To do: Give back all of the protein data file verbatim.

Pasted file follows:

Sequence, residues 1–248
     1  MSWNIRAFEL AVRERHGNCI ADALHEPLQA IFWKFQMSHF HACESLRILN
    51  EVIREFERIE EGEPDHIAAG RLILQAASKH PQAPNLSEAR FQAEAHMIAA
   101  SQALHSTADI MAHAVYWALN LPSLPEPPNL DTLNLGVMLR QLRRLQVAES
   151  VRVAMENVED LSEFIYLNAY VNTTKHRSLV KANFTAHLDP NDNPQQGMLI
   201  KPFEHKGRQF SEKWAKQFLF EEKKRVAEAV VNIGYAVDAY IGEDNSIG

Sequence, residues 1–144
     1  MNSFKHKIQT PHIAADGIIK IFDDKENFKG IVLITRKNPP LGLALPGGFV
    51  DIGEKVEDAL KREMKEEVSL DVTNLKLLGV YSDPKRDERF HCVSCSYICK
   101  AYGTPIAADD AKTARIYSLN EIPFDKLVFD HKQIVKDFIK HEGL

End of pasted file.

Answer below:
Sequence, residues 1–248
     1  MSWNIRAFEL AVRERHGNCI ADALHEPLQA IFWKFQMSHF HACESLRILN
    51  EVIREFERIE EGEPDHIAAG RLILQAASKH PQAPNLSEAR FQAEAHMIAA
   101  SQALHSTADI MAHAVYWALN LPSLPEPPNL DTLNLGVMLR QLRRLQVAES
   151  VRVAMENVED LSEFIYLNAY VNTTKHRSLV KANFTAHLDP NDNPQQGMLI
   201  KPFEHKGRQF SEKWAKQFLF EEKKRVAEAV VNIGYAVDAY IGEDNSIG

Sequence, residues 1–144
     1  MNSFKHKIQT PHIAADGIIK IFDDKENFKG IVLITRKNPP LGLALPGGFV
    51  DIGEKVEDAL KREMKEEVSL DVTNLKLLGV YSDPKRDERF HCVSCSYICK
   101  AYGTPIAADD AKTARIYSLN EIPFDKLVFD HKQIVKDFIK HEGL